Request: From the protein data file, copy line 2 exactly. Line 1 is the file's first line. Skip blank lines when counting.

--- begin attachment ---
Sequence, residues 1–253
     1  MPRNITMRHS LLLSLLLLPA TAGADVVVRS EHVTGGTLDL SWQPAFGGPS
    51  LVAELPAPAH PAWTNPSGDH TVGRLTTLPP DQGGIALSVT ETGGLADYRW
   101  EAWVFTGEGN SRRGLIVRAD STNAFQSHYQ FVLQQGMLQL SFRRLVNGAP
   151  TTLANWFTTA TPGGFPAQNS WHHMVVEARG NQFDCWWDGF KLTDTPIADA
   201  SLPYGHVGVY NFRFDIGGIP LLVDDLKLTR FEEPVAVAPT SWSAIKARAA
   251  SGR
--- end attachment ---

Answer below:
     1  MPRNITMRHS LLLSLLLLPA TAGADVVVRS EHVTGGTLDL SWQPAFGGPS